3 Trustworthy Books about Trauma

In a world inflicted with all kinds of crime, disease, and abuse, it is no surprise that trauma is prevalent in society on an individual and collective level. With little support available from governments, and the high cost of private mental healthcare, it becomes the individual’s responsibility to take charge of their own healing process. Healing from trauma is imperative if one wishes to perform optimally in life, and to enjoy one’s existence. On a larger scale, healing means safer and happier communities. With this in mind, I would like to suggest three highly informative books which aid in healing trauma.

‘The Body Keeps the Score’ by Bessel van der Kolk

Image source: Google Books

Bessel van der Kolk is one of the leading psychiatrists working on trauma treatment. In his book, ‘The Body Keeps the Score’, he explains the mind-body connection, and how to treat trauma by working with the mind and body simultaneously. Van Der Kolk suggests treatments such as EMDR which use eye movements to desensitize the painful emotions felt by trauma. This book is helpful for anyone wanting to use a holistic approach to treat trauma.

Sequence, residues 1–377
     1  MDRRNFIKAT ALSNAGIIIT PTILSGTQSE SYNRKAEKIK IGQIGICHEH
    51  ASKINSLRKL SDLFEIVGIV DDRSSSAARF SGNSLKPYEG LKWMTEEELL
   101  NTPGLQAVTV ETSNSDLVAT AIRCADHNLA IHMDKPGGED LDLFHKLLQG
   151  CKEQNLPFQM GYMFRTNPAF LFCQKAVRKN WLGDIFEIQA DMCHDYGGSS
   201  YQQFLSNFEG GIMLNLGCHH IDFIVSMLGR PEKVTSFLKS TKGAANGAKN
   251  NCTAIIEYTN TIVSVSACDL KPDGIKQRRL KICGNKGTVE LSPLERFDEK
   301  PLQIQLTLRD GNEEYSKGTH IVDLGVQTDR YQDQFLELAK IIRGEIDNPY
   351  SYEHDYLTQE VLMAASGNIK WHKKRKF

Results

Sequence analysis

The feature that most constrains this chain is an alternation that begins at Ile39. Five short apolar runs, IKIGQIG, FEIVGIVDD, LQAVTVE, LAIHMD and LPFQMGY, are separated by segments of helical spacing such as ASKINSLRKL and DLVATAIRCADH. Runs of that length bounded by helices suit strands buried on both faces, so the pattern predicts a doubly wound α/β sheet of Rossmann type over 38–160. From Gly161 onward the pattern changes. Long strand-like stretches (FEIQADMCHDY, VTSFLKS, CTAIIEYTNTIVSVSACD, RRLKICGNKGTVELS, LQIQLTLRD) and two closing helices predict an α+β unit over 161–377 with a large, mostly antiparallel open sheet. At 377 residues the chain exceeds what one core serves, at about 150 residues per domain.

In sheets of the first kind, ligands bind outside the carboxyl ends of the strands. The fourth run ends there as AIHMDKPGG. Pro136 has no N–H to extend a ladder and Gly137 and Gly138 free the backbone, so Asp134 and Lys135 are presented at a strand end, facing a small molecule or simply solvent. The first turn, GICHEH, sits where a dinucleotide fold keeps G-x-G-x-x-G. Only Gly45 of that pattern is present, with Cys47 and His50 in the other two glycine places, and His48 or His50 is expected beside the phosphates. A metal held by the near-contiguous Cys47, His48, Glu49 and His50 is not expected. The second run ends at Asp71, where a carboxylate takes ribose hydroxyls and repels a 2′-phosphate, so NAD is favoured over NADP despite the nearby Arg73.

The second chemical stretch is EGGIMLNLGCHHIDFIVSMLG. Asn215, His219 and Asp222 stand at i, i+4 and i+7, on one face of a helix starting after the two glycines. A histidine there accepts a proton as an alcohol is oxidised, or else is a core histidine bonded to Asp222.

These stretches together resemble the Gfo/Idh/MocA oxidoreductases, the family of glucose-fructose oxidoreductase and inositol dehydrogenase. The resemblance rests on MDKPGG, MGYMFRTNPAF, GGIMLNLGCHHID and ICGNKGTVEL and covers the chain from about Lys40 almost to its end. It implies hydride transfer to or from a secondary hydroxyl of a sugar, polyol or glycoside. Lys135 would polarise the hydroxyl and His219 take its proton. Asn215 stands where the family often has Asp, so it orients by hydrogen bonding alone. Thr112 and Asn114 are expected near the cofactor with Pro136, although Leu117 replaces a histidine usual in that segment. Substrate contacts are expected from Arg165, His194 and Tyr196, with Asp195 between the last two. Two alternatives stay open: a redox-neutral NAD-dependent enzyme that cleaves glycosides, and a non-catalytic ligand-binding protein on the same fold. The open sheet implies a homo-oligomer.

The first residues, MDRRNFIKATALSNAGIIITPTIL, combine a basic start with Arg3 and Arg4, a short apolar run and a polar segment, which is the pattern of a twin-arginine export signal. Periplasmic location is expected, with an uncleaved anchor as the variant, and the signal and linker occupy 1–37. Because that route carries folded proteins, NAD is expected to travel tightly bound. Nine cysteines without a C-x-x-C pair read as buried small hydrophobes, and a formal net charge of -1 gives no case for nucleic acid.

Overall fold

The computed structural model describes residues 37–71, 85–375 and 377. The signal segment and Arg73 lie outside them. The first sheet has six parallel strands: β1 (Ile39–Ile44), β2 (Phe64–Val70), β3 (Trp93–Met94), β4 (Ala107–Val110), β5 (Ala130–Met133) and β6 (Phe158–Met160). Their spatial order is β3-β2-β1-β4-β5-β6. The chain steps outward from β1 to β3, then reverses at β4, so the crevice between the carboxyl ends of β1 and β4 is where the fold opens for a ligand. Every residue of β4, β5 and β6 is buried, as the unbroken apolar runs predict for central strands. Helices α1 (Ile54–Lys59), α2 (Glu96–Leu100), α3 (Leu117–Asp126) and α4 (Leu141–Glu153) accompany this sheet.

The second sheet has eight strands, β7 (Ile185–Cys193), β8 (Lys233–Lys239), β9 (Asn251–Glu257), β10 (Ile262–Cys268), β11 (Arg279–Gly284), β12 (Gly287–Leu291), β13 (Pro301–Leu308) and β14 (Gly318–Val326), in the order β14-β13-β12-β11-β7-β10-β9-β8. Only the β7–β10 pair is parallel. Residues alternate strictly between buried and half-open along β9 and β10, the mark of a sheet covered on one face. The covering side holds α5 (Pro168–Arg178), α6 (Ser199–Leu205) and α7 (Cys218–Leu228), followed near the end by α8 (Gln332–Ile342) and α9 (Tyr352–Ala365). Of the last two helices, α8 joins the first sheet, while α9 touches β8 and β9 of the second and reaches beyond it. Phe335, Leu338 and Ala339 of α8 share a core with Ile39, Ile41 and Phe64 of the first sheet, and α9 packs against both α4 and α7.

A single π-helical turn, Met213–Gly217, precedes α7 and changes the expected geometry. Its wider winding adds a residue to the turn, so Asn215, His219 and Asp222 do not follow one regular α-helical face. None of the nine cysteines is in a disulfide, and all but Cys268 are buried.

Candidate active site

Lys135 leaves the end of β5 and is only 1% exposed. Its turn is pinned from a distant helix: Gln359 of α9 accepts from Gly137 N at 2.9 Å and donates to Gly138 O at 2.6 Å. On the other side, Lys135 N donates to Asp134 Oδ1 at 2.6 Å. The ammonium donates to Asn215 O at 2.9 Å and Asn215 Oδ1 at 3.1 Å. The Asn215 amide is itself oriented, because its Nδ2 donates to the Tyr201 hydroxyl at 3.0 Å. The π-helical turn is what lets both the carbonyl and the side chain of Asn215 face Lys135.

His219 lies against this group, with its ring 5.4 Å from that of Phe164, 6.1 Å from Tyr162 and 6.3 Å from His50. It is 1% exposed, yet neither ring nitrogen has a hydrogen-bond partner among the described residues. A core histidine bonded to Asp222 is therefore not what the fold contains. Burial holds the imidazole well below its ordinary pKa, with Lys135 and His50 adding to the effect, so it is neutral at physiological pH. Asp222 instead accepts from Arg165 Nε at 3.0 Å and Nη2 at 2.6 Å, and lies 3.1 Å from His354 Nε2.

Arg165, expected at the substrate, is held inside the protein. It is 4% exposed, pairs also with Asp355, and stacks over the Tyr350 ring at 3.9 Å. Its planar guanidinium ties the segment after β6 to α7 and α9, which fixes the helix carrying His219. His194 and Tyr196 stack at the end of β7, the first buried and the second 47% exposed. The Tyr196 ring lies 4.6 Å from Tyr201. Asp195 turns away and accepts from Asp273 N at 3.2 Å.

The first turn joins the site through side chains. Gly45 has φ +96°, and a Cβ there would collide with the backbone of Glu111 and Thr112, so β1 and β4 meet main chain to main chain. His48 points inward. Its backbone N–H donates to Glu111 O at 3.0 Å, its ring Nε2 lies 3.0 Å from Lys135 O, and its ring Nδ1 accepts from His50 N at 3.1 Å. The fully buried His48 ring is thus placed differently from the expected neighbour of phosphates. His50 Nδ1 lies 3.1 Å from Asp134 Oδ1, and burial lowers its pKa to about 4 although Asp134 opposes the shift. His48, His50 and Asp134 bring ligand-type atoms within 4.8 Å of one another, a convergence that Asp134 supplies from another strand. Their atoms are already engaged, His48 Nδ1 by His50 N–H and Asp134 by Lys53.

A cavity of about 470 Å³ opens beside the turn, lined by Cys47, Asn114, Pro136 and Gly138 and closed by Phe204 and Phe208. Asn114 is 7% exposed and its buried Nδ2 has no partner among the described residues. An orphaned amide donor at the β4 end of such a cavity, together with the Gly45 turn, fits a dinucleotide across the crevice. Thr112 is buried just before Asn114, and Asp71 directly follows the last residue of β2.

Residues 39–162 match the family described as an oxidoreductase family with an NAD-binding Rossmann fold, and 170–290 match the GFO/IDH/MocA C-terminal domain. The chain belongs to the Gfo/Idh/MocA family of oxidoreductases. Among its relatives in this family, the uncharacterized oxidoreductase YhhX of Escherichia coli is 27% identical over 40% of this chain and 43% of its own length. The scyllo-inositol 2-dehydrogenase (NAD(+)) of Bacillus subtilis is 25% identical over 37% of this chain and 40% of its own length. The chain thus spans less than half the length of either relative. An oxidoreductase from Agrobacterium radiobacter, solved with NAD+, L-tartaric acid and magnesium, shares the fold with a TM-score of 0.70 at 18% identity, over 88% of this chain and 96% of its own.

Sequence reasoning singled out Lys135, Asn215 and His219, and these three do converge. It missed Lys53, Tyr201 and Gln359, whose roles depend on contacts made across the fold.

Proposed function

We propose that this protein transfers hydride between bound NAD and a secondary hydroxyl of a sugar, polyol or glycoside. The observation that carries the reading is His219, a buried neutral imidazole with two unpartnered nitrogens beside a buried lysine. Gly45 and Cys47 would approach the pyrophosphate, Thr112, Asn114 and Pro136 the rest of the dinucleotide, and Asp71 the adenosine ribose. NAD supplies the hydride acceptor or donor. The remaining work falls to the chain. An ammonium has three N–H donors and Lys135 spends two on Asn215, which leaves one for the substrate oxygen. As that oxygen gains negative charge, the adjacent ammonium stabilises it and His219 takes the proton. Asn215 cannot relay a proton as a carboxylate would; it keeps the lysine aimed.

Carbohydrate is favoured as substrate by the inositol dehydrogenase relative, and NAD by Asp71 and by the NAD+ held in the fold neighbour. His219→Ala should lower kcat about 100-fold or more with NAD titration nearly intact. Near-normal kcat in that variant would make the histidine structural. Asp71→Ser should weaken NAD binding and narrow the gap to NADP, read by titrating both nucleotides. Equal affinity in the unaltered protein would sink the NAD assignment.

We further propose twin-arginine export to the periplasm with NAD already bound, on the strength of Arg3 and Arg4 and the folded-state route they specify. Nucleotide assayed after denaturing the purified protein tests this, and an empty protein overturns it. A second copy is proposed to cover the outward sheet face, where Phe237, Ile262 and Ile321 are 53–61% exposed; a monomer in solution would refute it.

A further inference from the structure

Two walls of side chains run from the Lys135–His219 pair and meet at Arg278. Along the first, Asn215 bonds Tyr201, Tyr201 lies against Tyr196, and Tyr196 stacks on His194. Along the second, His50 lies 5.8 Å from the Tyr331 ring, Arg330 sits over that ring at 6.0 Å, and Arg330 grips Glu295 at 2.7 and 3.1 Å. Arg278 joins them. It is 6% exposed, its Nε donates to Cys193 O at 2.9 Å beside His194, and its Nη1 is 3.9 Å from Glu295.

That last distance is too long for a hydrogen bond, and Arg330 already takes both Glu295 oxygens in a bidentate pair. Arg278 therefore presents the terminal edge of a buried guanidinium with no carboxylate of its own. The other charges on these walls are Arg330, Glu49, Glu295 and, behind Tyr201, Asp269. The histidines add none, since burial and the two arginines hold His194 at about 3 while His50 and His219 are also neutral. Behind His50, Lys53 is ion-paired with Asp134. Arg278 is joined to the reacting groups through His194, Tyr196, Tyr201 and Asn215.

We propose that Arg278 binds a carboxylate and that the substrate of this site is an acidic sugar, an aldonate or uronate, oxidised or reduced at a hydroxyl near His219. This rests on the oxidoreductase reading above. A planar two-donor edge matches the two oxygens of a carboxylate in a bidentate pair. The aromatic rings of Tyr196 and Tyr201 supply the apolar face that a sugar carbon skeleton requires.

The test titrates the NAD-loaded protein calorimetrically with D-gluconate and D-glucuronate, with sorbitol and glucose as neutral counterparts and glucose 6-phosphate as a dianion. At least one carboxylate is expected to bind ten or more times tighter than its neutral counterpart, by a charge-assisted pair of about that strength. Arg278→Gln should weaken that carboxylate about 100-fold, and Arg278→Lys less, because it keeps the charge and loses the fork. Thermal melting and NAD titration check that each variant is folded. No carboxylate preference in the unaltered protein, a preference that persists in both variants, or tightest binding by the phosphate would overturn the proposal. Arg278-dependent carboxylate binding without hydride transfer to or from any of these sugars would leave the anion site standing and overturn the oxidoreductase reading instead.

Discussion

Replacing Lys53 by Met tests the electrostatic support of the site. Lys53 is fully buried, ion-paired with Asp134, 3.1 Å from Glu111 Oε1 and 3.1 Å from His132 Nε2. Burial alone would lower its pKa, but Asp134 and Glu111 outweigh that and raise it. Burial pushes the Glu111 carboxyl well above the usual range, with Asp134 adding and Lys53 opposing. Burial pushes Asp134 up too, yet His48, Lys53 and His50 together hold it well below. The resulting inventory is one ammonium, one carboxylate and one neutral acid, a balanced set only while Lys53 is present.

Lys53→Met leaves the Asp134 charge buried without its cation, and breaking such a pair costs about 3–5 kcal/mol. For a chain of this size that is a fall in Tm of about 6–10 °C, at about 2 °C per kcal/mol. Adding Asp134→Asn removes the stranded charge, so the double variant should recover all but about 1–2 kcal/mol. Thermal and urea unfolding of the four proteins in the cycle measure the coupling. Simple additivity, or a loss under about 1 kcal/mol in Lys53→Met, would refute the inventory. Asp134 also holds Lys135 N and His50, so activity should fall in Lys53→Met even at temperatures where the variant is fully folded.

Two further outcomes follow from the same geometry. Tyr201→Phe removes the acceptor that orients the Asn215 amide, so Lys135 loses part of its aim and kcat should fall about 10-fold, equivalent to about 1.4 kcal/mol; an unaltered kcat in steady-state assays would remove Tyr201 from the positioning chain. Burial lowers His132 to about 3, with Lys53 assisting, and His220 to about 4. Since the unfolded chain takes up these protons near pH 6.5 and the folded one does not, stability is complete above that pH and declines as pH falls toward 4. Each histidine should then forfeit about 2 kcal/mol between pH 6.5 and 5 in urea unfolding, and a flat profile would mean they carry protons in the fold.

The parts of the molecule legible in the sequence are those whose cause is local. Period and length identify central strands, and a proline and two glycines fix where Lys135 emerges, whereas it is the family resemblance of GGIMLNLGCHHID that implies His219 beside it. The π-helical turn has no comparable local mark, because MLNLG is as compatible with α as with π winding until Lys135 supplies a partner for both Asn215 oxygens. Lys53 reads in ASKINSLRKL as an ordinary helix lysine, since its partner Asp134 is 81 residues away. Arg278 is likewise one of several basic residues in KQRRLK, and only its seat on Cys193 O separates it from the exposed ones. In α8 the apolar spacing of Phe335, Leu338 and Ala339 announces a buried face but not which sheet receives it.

‘Healing Developmental Trauma’ by Laurence Heller and Aline LaPierre

Image source: Google Books

This book goes into detail explaining the survival strategies used by the brain to survive trauma. The long-term effects of trauma on the brain, can lead to changes in a person’s way of thinking and behaving. Emotions such as fear, shame, and guilt shape a traumatised person’s life, if the trauma is not healed. If these types of emotions are left unchecked for a long period of time, they have the potential to cause much pain in one’s life, and possibly lead to dysfunction or destruction. By addressing the trauma wounds, cognitions can change to become more pleasant and productive. This book helps the reader identify their own patterns, in order to improve their quality of life.

‘No Self No Problem’ by Chris Niebauer

Image source: Google Books

Niebauer explains the importance of balance between the right and left brains in healing from trauma. Drawing on parallels between mindfulness and neuropsychology, he advises certain practises which enable balance between the two sides of the brain. These exercises help to strengthen the right brain while it is being dominated by the left brain post trauma. Creating balance between the two brains, provides clarity of thought, and control of emotions for the trauma survivor.

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